The Minister Looks At The Pew

Mixed feelings possess the minister in his appraisal of the pew, the source of his joy and distress. The virtues and excellencies of the congregation sustain his spirit; the defects and imperfections weigh down his soul. The pew displays the paradoxes of loyalty and indifference, knowledge and ignorance, humbleness and pride, generosity and covetousness, warmth and coldness, sincerity and hypocrisy, good and evil. The spiritual and the natural are both in evidence.

Surely one of the gratifying virtues in the life of a congregation is loyalty. Whether the church is at peace or beset with troubles, whether the church is prosperous or destitute, a band of devoted members exhibits resolute loyalty. Difficult situations beset the life of almost every congregation but are overcome by the steadfast and the unmovable. The minister, too, benefits from this virtue. Whether his gifts be many or few, whether his sermons be worthy of praise or blame, loyal support rejoices his heart.

Of inestimable value to church and minister is the inner circle of spiritual Christians found in every congregation. They hunger and thirst for the Word; they hold up the ministry in prayer; they serve generously with their tithes and time. Appreciative, not critical, tolerant—they form an oasis in what sometimes seems a barren land.

In spite of the presence of those who hunger for the Word, a shock early in the ministerial life is the awakening realization that the majority in the pew have no desire for a deeper knowledge of the Scriptures. Even some of the soundest evangelical congregations have little appetite for the meat of the Gospel. Nor may the preacher presuppose any diligent study on the part of the pew in preparation for the message. He must make the message light and airy to sustain interest. He knows that nominal Christians prefer vague generalities, enhanced by the eloquence of Athens, and have no taste for the soul-searching truths of Jerusalem.

Piety displays itself in many varieties before the eyes of the pastor. He beholds that ceremonial and ritual piety which does not go beyond the outward rites of the Church. He perceives with sadness that sabbatical piety which limits religion to the first day of the week. He views with alarm that negative piety which consists only of a series he observes the “holier than thou” piety which refuses to mingle with publicans and sinners. He deplores the noisy piety that glories only in the ostentatious and vain-glorious display of statistics and visible results.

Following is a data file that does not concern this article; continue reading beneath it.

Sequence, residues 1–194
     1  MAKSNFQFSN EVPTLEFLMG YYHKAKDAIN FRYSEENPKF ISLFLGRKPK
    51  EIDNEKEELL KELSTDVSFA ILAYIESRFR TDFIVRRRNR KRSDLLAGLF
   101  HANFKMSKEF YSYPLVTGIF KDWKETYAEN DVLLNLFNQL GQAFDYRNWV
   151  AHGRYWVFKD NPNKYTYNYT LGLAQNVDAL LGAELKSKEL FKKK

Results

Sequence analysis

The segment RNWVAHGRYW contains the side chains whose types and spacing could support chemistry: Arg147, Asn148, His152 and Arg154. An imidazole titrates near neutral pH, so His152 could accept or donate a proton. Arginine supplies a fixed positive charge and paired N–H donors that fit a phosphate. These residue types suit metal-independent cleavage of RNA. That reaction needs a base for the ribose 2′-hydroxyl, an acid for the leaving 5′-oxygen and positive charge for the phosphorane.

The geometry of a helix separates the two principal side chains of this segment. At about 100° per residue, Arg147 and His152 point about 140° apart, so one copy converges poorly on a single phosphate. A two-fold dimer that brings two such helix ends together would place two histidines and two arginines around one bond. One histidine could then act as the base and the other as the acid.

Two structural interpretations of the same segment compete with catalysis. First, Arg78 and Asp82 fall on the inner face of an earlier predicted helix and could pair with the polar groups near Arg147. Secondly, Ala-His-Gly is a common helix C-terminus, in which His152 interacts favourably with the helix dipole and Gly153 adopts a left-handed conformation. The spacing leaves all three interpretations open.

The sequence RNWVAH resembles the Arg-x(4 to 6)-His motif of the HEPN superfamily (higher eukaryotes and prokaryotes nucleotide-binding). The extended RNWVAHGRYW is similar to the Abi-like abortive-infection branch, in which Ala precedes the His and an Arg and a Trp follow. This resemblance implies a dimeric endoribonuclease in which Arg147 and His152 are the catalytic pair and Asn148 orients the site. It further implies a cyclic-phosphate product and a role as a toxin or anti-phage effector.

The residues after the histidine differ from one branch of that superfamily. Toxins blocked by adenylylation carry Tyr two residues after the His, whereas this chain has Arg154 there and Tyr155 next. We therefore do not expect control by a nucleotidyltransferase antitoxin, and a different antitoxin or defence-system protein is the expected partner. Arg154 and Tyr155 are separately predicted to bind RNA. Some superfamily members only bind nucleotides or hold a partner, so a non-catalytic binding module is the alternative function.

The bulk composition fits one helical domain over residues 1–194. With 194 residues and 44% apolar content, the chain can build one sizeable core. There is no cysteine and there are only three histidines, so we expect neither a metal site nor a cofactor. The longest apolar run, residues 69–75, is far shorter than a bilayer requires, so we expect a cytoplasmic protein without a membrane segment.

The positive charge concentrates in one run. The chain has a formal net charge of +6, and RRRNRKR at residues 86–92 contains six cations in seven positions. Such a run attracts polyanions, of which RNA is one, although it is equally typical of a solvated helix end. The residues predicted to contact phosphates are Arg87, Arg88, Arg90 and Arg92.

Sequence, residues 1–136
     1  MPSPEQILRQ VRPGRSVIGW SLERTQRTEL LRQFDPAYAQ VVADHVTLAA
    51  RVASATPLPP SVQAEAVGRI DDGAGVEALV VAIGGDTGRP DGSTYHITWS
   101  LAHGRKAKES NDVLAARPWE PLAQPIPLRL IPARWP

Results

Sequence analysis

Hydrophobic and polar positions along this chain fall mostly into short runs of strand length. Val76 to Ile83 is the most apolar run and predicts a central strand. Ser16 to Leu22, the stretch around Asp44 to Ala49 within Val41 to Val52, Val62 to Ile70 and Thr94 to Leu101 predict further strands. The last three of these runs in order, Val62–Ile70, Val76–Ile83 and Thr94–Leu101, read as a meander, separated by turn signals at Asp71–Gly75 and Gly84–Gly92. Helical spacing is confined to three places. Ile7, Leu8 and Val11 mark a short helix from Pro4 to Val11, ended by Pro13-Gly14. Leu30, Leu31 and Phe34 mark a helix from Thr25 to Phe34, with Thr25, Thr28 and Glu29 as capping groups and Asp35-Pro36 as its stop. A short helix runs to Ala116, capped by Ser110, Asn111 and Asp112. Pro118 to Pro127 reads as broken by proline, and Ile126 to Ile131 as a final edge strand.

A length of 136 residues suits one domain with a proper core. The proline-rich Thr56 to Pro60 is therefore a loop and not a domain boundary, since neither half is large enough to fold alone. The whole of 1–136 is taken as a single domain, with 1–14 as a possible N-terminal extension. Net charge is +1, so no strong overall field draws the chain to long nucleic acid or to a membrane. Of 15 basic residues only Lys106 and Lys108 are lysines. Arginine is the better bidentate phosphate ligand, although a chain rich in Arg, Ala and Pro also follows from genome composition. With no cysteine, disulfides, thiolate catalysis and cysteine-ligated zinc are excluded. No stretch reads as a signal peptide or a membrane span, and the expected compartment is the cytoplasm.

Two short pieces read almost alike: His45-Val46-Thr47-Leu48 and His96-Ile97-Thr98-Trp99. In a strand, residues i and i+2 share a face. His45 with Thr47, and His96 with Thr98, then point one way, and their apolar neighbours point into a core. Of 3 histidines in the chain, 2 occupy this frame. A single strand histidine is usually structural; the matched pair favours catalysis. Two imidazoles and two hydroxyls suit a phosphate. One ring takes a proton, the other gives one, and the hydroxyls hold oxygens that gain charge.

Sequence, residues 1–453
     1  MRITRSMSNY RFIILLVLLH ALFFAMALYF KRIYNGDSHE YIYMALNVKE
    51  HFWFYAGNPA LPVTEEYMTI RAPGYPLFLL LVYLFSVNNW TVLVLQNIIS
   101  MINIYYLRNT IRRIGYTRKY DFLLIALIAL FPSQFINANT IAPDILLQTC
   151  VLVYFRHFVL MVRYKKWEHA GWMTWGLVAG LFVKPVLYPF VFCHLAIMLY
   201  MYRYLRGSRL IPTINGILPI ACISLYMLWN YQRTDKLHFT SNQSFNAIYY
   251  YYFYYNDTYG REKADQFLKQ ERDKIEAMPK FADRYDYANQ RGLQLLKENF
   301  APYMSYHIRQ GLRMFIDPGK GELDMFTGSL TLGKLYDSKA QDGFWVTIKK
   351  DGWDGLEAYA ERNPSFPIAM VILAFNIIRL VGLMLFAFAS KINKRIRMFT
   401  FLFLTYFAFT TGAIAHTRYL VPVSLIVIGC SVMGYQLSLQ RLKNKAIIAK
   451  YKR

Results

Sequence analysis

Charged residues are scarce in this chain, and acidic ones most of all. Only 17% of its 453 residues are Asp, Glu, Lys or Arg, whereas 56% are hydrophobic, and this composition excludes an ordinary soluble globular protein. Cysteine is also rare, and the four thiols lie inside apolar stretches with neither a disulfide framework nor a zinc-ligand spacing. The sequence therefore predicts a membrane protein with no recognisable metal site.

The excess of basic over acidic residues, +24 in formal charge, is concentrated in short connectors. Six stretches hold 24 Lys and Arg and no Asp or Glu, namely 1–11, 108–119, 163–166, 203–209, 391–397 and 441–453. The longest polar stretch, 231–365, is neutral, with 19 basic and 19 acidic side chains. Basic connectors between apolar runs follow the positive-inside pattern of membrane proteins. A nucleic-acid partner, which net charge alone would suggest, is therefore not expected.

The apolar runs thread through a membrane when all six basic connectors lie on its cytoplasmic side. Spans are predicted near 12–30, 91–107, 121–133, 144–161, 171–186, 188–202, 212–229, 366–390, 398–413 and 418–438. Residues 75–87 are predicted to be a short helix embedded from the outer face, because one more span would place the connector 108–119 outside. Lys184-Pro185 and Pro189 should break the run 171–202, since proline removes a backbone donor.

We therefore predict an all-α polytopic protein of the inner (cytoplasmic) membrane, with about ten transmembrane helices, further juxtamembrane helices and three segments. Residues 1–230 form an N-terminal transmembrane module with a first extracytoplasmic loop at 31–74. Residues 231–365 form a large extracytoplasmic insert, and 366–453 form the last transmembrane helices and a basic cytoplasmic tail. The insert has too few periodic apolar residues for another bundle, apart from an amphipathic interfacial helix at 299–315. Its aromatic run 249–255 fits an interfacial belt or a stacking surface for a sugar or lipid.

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In striking contrast to pseudo-piety, the minister discovers a proper piety that constantly grows in the grace and knowledge of Jesus Christ. He perceives that those who grow spiritually are those who cultivate the means of grace. Humbleness and consciousness of imperfection distinguish them from the proud and self-righteous. They bear injuries and provocation with meekness. Fruits of the Spirit become increasingly evident in their lives. Charity toward others is more than sounding brass or a tinkling cymbal. They sincerely seek to give pre-eminence to Christ. For this genuine piety the minister praises God.

To his distress, the minister discovers that the loyalty of the pew often consists in a loyalty to the local church only. Local programs find warm-hearted support whereas the world-wide program of evangelization, initiated and commanded by the Head of the Church, finds only cold-hearted indifference. Indeed, if his efforts to inspire a world-wide vision are constantly defeated, the flaming ardor of the undershepherd is in danger of being quenched by the coldness of the flock.

Puzzling is the pew’s attitude that the battle for souls and the fight against evil should be waged by the minister alone. The notion prevails that the preacher alone must draw the sinner into the church and cleanse the community of evils. Military battles are not fought by the officers alone. Yet the battle against evil is a thousand times more important and difficult. Christ gave no statement, “the ministry is the salt of the earth.” Nor did He command, “Go ye, clergy, and make disciples of all nations.” Yet that is the prevailing impression on the part of the pew.

The pulpit must constantly guard against those who would secularize the Church by changing it into a social club. The pew may be motivated by a desire to attract the ungodly into the church. “See,” they say in effect, “we are not so narrow or unworldly as reputed. We have the same pleasures you enjoy.” However, the minister knows that the way for Christians to attract the unchurched is not by aping their pleasures but by proving that the Christians’ pleasures are infinitely superior. The Church should be known as the source of spiritual comforts and pleasures for which many in the world hunger and thirst. Would that the passion of the pew were to make the world spiritual rather than the church worldly!